Appreciating Don Carson

DACarson222x296Dr D. A (Don) Carson, Research Professor of New Testament at Trinity Evangelical Divinity School, has had a profound influence on the shape of Christian thought in numerous different ways during the past four decades. It is entirely appropriate, therefore, that his contribution should be acknowledged. In the case of a person in ministry, particularly an author, this is often done by means of a Festschrift, a collection of essays written by colleagues and/or students and/or friends of the honoree. Such a Festschrift has just been published by IVP to mark Don Carson’s 70th birthday: Serving the Church, Reaching the World. In fact, this is the second Festschrift presented to Carson. In 2011, Crossway published a collection of essays to mark Carson’s 65th birthday, entitled Understanding the Times: New Testament Studies in the 21st Century.

Serving the Church, Reaching the WorldThese two books have quite different characteristics, reflecting the remarkable diversity of Don Carson’s interests. The earlier volume is a substantial collection of mainly technical essays relating to academic biblical studies. The new volume is relatively slight (171 pages) and is oriented much more towards the ministry and mission of the church. In fact the title is drawn from the strap line of the Word Alive teaching weeks, events which Don Carson has enthusiastically supported from their inception. While the essays are serious (and some may be quite demanding), they focus on issues which will be of particular interest to those involved in preaching and evangelistic ministry. The familiar names of contributors such as David Jackman, Jim Packer, William Edgar, Tim Keller and John Piper (along with able contributors whose names may not be so widely known) will give a good sense of what can be anticipated within the pages of this volume. A poignant aspect of the publication of this book is the inclusion of an essay by Mike Ovey, Carson’s friend and collaborator and formerly the principal of Oak Hill College, published posthumously following Ovey’s sudden death in January 2017.

I plan to write a fuller review of the two books and update this post with the review in due course. For the moment, I simply want to draw readers’ attention to these important books and to acknowledge my own sense of personal thankfulness for Don Carson. He has been a great encouragement and model to me as he has engaged in academic scholarship of the highest standard while, at the same time, remaining committed to the ministry and mission of the church throughout the world. Several of his books have been standard resources throughout my Christian service. In particular, I think of An Introduction to the New Testament (co-authored with Douglas Moo and, for the first edition, Leon Morris), and his wonderful commentary on The Gospel According to John,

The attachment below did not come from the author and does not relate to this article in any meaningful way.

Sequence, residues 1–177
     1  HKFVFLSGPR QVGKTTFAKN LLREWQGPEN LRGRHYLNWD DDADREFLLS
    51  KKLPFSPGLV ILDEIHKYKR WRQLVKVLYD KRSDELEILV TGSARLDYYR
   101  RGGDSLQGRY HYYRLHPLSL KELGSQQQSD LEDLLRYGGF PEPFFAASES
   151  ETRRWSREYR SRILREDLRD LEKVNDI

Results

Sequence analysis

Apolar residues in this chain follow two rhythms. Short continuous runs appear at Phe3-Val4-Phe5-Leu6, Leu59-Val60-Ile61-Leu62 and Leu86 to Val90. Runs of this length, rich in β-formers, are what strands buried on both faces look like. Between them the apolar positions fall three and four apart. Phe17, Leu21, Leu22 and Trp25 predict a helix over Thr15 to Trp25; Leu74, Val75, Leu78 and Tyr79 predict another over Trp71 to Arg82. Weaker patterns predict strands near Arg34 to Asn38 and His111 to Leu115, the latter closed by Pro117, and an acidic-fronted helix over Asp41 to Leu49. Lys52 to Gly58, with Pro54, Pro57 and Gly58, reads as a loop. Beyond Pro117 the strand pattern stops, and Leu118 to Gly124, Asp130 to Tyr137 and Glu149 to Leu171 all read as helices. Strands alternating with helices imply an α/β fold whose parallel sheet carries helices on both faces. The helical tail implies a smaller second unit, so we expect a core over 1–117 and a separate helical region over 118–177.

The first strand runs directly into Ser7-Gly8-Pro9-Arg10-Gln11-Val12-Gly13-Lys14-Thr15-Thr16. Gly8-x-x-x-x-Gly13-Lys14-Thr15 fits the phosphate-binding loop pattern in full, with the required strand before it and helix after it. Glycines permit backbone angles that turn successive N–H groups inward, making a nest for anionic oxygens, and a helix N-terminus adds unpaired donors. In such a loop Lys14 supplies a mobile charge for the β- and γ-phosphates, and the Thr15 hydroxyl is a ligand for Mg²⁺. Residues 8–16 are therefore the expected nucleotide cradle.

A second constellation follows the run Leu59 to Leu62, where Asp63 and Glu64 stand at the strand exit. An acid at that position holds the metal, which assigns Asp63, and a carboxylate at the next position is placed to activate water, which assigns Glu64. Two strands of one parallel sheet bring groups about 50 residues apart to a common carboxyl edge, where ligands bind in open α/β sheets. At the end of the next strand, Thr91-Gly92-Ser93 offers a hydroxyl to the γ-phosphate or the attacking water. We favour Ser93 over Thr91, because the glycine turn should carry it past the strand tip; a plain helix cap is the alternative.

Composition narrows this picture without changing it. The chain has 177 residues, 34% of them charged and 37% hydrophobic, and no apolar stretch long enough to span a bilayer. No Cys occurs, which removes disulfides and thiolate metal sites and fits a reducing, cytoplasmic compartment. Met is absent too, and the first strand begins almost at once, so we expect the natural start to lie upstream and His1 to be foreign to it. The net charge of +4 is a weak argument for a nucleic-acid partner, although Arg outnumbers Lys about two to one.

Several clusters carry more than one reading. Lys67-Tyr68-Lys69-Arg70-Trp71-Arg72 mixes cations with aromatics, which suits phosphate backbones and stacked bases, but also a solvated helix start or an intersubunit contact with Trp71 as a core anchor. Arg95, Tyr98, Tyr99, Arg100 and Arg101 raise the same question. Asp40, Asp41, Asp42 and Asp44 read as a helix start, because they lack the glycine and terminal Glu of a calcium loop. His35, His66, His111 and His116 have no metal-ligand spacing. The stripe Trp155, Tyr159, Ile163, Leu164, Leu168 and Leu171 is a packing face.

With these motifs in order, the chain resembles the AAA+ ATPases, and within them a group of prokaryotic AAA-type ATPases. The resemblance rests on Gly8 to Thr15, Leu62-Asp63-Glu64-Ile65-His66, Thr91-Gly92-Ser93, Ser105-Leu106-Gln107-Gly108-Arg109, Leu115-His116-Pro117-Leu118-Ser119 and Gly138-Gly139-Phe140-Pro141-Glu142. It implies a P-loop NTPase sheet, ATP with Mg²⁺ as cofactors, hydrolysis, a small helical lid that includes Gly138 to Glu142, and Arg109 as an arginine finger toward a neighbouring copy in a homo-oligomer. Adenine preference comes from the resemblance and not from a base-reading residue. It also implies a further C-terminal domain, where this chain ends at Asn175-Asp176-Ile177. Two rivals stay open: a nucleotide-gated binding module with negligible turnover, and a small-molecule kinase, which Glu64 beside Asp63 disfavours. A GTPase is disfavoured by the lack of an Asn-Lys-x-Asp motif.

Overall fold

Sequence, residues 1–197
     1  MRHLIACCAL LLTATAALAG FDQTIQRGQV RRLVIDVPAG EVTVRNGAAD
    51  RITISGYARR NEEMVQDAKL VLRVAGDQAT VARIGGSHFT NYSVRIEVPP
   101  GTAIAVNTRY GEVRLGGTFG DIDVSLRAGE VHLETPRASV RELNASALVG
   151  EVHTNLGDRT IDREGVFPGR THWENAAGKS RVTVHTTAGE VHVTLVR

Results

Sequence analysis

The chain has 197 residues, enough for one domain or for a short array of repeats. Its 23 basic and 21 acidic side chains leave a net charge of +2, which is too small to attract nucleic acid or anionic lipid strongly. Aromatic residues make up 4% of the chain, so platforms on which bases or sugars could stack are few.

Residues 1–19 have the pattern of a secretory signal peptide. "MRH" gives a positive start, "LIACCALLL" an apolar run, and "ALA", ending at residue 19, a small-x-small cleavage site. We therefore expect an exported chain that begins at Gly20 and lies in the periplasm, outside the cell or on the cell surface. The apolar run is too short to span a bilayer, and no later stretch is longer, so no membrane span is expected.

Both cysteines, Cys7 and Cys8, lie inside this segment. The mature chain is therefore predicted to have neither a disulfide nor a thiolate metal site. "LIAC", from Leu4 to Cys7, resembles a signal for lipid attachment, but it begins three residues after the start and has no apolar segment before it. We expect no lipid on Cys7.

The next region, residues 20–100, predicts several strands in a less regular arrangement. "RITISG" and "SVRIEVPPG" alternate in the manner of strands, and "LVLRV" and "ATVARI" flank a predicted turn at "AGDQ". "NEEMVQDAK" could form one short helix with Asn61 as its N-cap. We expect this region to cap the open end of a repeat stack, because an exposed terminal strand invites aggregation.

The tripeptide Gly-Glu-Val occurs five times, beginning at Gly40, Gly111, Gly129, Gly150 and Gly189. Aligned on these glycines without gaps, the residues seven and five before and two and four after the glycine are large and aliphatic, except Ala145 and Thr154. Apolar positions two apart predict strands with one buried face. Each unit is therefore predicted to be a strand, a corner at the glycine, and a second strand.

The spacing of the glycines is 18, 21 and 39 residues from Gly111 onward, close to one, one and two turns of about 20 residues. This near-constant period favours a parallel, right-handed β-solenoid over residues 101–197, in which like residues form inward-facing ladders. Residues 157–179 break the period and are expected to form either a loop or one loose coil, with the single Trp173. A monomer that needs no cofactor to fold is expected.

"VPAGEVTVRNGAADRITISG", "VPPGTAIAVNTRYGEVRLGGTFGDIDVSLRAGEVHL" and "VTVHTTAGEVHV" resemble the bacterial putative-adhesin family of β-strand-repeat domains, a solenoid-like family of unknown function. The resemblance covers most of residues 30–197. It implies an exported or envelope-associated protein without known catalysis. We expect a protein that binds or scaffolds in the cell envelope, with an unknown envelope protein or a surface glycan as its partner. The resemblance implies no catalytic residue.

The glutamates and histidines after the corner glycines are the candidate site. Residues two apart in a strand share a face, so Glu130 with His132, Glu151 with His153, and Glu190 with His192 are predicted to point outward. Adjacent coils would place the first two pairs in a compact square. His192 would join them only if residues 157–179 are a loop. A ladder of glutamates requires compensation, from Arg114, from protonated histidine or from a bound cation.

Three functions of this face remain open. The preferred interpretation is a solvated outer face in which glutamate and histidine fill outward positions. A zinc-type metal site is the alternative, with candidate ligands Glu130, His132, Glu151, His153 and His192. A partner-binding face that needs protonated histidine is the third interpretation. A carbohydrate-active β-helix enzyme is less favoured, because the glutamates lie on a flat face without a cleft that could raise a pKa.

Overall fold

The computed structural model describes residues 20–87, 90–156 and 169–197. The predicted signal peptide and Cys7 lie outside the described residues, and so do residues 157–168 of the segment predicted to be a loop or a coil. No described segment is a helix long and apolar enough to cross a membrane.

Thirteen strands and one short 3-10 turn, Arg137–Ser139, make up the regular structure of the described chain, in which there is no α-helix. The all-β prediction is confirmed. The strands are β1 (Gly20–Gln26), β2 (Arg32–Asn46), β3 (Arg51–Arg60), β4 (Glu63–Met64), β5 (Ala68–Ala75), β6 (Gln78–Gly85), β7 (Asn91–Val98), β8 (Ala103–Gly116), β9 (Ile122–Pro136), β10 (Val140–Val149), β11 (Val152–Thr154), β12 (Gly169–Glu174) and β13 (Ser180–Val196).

Understanding the TimesMore recently, I have been grateful for his industry in organising and editing The Enduring Authority of the Christian Scriptures. It was my privilege to serve with Don Carson for a period of time as part of the editorial team of the journal, Themelios. I have also benefitted from his teaching in person at various events (in both English and French!), beginning with a lecture he gave at the Free Church College (now Edinburgh Theological Seminary) in the early 1990s while I was a student.

Don Carson is also one of the co-founders (along with Tim Keller) of the Gospel Coalition. I have appreciated the commitment displayed by Carson and Keller to both clarity regarding core gospel truth and cooperation between Christian brothers and sisters wherever possible.

If you have never read anything by Don Carson, and you are looking for something not too technical, I would recommend particularly his wonderful The God Who Is There that lays out the theology of the Bible for those without prior knowledge (see also the excellent videos) and his daily reading notes, available freely online, from For the Love of God.

I almost entitled this post ‘Honouring Don Carson’. But I changed my mind and wrote ‘Appreciating Don Carson’. Here is my reason: In the introduction to Serving the Church, Reaching the World, Richard Cunningham comments on Carson’s reluctance to have any attention drawn to him. In keeping with this, Carson consistently concludes prefaces in his books with the Latin phrase Soli Deo gloria, ‘To God alone be the glory’. Don Carson has always indicated that all honour should be given to his glorious God and saviour. And that I am entirely happy to do. But I think that it is possible to give honour and glory to God by recognising and appreciating the service of his servant, Don Carson.


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